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Hotel Thoumieux, Paris, France

Issue 66 Apr / May 2012 : Retail : Hotel

Unique fixtures from Beirut-based .PSLAB and M/M (Paris) helped create a visual language for a hotel that reflects the French capital's 'interior landscape'.

When French chef Jean-François Piège teamed up with hotelier Thierry Costes to establish the new Hotel Thoumieux in Paris, their exacting attention to detail and flair for creating stylish, boutique experiences promised special things. Sure enough, the pair drew on a host of creative talents to help designing a unique, visually cohesive venue.

The first stop for the owners was with M/M (Paris), a consultancy headed by Michael Amzalag and Mathias Augustiniak, who were tasked with inventing a special typography with which to write the Thoumieux name.

Taking their inspiration not just from Paris’s cityscape of tree-lined boulevards, but also its ‘interior landscape’ of cafés and brasseries, M/M (Paris) produced a graphical style of linear and circular modules that went on to form the hotel’s signature style. This theme is echoed throughout the building: engraved in gold and silver around the mirrors, woven into the carpets and, escaping into three dimensions, as door handles, chair backs and light fixtures.

These fixtures, both smaller double headed wall lamps and the larger multiheaded chandeliers, are all handmade in brass and glass – their elaborate pipework giving the appearance of a fantastical brass instrument.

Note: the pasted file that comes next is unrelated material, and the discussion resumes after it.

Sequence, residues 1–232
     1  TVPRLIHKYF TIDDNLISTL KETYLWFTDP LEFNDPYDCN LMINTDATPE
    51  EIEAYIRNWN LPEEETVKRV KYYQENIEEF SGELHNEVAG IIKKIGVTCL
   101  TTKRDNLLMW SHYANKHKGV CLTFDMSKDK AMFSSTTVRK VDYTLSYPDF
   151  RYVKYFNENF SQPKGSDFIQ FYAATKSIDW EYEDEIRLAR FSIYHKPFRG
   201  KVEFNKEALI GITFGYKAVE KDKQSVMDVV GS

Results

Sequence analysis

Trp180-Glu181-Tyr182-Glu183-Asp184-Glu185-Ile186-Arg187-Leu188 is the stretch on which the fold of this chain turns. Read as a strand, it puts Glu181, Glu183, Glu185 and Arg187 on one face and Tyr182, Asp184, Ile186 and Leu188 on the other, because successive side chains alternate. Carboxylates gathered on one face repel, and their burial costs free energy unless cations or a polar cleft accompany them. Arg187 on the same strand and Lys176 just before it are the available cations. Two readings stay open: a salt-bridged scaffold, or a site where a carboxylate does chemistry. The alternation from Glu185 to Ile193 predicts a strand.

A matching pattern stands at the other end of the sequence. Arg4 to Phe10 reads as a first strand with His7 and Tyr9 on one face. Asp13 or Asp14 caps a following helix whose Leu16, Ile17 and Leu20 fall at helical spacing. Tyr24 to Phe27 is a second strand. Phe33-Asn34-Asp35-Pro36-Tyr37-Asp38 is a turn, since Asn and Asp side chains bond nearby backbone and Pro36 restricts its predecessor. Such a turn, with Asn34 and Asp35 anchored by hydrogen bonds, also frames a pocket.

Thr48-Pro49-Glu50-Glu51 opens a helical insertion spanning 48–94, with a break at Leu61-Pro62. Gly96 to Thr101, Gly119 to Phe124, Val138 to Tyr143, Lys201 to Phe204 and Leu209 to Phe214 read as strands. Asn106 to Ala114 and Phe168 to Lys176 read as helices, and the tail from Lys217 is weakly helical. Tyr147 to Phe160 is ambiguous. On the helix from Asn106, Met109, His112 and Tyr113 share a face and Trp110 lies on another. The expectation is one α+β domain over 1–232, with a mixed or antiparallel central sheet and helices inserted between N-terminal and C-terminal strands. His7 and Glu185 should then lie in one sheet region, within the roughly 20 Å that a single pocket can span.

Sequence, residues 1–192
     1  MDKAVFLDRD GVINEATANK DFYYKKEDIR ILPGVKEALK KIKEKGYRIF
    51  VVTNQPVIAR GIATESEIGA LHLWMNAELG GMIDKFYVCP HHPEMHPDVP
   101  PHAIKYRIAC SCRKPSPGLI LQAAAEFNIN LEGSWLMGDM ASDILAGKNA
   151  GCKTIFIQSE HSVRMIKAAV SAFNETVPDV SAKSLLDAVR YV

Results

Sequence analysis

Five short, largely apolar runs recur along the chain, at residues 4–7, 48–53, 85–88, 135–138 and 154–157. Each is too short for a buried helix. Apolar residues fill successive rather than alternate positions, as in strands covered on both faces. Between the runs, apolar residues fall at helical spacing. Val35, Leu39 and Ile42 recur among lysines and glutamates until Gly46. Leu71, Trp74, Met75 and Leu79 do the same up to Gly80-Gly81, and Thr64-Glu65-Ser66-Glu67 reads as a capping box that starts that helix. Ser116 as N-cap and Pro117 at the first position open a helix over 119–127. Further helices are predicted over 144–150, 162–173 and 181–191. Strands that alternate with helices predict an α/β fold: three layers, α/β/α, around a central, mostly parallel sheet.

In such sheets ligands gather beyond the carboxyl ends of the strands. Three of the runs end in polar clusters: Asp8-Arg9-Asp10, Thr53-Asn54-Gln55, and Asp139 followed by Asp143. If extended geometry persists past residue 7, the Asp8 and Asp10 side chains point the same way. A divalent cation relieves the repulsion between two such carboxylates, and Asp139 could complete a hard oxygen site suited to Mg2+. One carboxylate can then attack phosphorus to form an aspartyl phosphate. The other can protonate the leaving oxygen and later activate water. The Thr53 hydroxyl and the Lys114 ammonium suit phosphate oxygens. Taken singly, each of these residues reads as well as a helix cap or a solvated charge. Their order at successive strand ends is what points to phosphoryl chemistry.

Working alongside M/M (Paris) were architects and interior designers India Madhavi (for the hotel and restaurant) and Gérard Cholot (for the brasserie). Manhavi brought a rich sophistication of patterns and textures to the project. Her choice of strongly hexagonal-embossed wallpaper, however, meant there was no possibility of recessing fixture into the walls as a way of hiding their technical elements. As on previous projects, she turned to Beirut-based .PSLAB to develop an appropriate solution. Their response was a custom-designed product comprising three concentric, curved ‘ribs’ around a central cavity, fashioned in brass. The lamp within the cavity is topped with a reflector to bounce light back into the fixture before it is thrown out as a soft glow.

The piece is placed at different heights throughout the hotel, alone or in rows of two and three. In the hotel rooms, the reflector is perforated to achieve the optimum light level, whilst in the public spaces, where the piece is scaled up to 80cm in diameter, solid reflectors are used. In both cases, the cavity within the body of the fixture allows all technical wiring to be concealed without than having to eat into the wall or ceiling itself - a perfect example of bespoke fixtures providing technical solutions as well as just good looks.


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